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World of the Bizarre

Woman can sing two notes at the same time

By T.K. Randall
October 7, 2014 · Comment icon 33 comments

Hefele demonstrated the technique in an online video. Image Credit: YouTube / Anna-Maria Hefele
German musician Anna-Maria Hefele possesses the remarkable ability to sing two notes simultaneously.
Known as polyphonic overtone singing, the incredible technique enables a gifted few to offer a singing performance in which two different sets of notes are played at the same time using nothing but the sound of a single person's voice.

As a classically trained singer, Hefele is particularly adept at this technique and has been doing it for several years. A popular video uploaded to her YouTube channel shows her demonstrating this unique talent while explaining a little about how it works.

Source: Telegraph | Comments (33)

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Recent comments on this story
Comment icon #24 Posted by quiXilver 9 years ago
I wonder how it's even possible for one set of vocal cords to vibrate at two different frequencies simultaneously? The sound was annoying. two vocal folds... each resonates at a different frequency as to the sound being annoying, that's more to do with your associated conditioning, being used to tuning of A to 442Hz and western music tradition... spend a bit of time with it and you may discover something not so annoying... or maybe not. For me, when I chant and sing in this way, it induces a very deep calm state. Otherwise known as bliss.
Comment icon #25 Posted by maximusnow 9 years ago
My kids did this when they were little, thanks to a little boogie in their nose.
Comment icon #26 Posted by _Only 9 years ago
I want to hear her do the last part of the Hotel California solo: (part at 5:38) or the last part of Fade To Black: (part at 5:05) [media=]
Comment icon #27 Posted by acute 9 years ago
A little creepy, especially being in black and white. But she has very nice, umm...( • ) ( • )'s Nice personalities?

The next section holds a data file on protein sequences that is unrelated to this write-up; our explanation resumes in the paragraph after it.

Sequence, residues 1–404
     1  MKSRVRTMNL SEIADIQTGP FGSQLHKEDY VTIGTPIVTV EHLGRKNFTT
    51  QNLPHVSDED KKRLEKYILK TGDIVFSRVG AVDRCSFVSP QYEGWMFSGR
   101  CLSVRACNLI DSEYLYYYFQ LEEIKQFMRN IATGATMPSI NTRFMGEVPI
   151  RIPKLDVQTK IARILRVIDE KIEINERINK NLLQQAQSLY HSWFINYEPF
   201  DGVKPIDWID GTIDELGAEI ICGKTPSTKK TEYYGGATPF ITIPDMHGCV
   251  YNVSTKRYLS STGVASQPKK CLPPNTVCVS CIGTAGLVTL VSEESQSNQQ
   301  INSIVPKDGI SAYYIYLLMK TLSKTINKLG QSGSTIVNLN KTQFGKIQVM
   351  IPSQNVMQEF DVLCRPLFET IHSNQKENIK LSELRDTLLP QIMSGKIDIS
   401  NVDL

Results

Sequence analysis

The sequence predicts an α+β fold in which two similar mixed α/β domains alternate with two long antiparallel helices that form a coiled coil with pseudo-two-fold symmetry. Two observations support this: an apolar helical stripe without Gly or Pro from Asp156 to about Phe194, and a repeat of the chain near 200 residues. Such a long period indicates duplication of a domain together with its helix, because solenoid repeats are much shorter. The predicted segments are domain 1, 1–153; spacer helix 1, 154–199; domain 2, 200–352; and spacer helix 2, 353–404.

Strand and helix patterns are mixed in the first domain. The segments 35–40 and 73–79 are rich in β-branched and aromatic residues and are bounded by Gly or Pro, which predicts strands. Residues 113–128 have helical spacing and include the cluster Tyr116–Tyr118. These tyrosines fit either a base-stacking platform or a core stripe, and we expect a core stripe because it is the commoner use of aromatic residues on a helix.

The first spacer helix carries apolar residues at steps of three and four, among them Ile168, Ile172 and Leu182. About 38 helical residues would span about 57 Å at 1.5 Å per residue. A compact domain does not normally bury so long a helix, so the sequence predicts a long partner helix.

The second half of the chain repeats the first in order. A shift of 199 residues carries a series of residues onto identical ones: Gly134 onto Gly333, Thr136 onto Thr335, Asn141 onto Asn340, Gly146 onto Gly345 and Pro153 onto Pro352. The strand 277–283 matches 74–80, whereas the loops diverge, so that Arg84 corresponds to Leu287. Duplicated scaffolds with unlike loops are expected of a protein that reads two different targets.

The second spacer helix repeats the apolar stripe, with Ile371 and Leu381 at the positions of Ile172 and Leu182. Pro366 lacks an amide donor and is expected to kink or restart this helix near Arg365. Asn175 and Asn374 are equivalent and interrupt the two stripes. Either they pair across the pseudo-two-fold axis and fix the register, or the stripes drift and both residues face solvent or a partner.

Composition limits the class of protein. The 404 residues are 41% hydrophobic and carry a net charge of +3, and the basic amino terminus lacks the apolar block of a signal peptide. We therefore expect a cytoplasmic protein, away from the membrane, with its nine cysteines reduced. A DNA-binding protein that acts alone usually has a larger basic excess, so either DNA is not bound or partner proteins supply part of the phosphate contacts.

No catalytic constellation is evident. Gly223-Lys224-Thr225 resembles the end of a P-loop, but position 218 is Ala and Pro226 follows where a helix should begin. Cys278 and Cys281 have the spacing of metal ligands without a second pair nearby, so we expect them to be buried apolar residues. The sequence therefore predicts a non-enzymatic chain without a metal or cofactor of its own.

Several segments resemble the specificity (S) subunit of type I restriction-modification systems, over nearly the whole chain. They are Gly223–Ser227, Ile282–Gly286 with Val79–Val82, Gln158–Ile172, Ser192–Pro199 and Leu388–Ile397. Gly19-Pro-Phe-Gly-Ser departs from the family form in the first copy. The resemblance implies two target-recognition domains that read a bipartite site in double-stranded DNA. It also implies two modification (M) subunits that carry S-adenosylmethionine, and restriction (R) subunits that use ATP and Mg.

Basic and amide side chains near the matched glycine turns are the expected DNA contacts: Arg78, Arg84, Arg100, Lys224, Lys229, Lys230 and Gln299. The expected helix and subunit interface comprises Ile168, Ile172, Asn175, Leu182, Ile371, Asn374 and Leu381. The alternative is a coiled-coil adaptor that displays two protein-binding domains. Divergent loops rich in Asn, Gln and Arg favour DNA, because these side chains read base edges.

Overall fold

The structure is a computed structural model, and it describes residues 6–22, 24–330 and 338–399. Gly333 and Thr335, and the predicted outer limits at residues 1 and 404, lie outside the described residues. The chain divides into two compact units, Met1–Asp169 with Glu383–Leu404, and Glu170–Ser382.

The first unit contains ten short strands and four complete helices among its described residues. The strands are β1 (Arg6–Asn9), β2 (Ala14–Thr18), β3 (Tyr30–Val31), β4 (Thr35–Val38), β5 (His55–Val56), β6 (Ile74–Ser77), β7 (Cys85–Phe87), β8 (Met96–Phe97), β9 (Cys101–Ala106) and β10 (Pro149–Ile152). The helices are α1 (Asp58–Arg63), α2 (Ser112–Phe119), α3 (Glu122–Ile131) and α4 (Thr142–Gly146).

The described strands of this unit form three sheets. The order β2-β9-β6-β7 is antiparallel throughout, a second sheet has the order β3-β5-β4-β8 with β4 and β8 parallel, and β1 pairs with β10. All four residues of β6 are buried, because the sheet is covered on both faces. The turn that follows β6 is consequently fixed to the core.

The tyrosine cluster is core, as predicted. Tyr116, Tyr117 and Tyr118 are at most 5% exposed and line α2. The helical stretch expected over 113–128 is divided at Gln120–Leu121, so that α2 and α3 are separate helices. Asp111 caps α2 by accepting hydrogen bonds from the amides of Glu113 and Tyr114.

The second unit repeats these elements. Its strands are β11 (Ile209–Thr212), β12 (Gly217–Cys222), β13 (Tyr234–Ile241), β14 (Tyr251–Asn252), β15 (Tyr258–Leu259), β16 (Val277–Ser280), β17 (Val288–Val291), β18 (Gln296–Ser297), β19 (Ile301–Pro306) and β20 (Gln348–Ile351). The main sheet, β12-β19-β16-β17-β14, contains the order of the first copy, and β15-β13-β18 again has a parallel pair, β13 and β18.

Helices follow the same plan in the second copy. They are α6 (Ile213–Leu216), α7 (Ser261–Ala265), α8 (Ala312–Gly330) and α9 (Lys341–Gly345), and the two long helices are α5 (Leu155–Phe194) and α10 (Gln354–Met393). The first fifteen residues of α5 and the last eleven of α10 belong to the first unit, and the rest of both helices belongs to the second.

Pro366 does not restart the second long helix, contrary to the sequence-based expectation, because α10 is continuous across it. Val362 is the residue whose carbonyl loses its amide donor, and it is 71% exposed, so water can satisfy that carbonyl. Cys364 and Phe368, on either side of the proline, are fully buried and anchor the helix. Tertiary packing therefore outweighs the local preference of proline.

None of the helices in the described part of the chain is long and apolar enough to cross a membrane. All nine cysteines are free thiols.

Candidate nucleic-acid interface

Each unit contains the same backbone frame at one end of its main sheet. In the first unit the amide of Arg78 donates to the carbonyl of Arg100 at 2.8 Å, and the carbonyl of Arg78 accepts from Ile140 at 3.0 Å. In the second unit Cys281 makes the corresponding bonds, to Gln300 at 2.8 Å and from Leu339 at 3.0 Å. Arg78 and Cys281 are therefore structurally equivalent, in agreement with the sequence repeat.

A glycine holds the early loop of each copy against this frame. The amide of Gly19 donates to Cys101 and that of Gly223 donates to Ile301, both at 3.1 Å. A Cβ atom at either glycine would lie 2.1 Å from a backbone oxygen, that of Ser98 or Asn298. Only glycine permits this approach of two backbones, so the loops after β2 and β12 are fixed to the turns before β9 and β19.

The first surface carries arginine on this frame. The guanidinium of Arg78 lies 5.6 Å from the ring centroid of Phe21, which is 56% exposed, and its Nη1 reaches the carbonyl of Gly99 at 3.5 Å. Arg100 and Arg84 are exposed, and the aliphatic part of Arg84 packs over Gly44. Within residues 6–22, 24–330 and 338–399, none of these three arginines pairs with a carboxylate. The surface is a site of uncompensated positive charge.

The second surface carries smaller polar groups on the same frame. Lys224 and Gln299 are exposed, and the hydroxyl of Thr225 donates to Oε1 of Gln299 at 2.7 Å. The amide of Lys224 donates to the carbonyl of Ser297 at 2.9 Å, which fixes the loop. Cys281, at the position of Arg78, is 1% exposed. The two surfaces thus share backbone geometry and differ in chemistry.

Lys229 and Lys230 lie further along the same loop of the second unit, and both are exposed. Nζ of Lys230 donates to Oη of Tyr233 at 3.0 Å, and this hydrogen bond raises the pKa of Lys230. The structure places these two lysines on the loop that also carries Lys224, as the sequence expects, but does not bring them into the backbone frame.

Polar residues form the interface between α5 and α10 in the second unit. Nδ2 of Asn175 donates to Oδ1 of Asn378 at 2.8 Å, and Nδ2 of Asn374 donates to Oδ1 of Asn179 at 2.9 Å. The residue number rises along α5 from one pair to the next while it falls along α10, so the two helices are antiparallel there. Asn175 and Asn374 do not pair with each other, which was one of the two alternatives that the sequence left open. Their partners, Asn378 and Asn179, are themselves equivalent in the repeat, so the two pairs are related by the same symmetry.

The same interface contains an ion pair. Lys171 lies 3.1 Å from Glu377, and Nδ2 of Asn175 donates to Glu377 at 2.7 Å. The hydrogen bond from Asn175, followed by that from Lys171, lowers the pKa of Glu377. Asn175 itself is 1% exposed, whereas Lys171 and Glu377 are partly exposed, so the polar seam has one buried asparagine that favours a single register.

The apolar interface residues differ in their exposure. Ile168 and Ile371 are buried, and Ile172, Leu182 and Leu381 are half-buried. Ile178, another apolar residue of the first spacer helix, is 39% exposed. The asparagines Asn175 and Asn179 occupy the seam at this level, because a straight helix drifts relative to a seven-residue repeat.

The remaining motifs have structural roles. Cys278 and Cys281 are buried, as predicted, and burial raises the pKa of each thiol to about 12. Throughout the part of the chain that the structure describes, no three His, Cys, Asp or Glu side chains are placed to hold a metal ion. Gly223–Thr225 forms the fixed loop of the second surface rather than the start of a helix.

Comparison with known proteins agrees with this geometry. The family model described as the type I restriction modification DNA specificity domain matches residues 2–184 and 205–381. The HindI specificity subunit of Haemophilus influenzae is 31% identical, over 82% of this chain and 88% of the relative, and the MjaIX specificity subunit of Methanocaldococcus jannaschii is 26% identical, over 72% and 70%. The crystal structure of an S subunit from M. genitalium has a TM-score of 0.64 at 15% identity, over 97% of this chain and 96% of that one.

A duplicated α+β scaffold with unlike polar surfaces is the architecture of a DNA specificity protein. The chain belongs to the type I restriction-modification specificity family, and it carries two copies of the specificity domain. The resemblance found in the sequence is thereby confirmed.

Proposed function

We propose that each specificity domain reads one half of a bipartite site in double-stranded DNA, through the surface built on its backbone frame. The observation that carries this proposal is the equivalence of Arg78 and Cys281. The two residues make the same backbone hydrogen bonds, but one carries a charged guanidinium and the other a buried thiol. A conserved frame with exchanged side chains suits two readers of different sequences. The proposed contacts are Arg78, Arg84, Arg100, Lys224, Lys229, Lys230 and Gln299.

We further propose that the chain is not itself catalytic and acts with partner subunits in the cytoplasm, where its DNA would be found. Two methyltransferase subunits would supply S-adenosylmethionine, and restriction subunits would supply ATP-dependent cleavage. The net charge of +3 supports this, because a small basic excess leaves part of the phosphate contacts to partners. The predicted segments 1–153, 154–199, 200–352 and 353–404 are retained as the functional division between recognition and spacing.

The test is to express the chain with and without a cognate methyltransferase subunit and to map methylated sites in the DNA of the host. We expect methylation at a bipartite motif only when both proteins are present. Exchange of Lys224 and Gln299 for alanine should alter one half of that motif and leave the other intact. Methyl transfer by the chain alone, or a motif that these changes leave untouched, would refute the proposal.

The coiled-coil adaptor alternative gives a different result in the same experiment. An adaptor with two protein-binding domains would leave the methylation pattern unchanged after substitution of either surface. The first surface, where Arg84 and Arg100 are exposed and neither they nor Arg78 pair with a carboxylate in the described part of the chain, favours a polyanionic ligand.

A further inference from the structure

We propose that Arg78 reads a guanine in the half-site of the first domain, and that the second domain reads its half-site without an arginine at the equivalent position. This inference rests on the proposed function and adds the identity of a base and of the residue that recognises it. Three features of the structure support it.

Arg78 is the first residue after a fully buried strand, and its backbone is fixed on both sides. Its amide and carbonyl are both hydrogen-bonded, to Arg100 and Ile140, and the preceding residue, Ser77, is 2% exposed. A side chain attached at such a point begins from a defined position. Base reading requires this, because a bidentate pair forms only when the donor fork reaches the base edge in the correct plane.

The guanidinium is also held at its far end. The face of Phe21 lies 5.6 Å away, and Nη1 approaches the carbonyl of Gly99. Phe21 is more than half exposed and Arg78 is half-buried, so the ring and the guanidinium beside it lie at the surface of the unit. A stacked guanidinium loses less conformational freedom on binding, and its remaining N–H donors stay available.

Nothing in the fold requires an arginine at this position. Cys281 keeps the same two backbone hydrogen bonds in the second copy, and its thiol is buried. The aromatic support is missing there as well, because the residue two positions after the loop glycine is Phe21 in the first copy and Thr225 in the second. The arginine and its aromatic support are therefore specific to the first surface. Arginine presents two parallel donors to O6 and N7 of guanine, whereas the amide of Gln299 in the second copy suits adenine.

Comment icon #28 Posted by Kiltedmusician 9 years ago
Your voice already contains high harmonics. Overtone singers know how to separate the low and high and make the higher harmonic louder. I have taught my wife and a couple other people how to make a simple overtone. There's no "extra folds" in the vocal cords or anything else like that involved. Say "really". Say it slowly and keep your voice monotone and listen to how you still hear another pitch rising and lowering. In "Re" you hear the pitch rise. In "a" it comes down. It mostly quiets down during the "lly". Now say it powerfully, loudly, super slow, and at a higher pitch than you normally s... [More]
Comment icon #29 Posted by quiXilver 9 years ago
We have two vocal folds, they are not cords. Each one can resonate at its own frequency depending on how the muscles tense and flex them.
Comment icon #30 Posted by Sundew 9 years ago
I wonder how it's even possible for one set of vocal cords to vibrate at two different frequencies simultaneously? The sound was annoying. Kind of reminds me of a flanger for guitar effects. Maybe she should try out for a rock band.
Comment icon #31 Posted by legadema 9 years ago
there are few persons who really blessed and such talented. what a nice one she has.
Comment icon #32 Posted by EthericOne 9 years ago
How is this any different than Tibetan Throat singing? Yeah, she is so special. o.O
Comment icon #33 Posted by TigerGhost 9 years ago
Well I can whistle and hum at the same time

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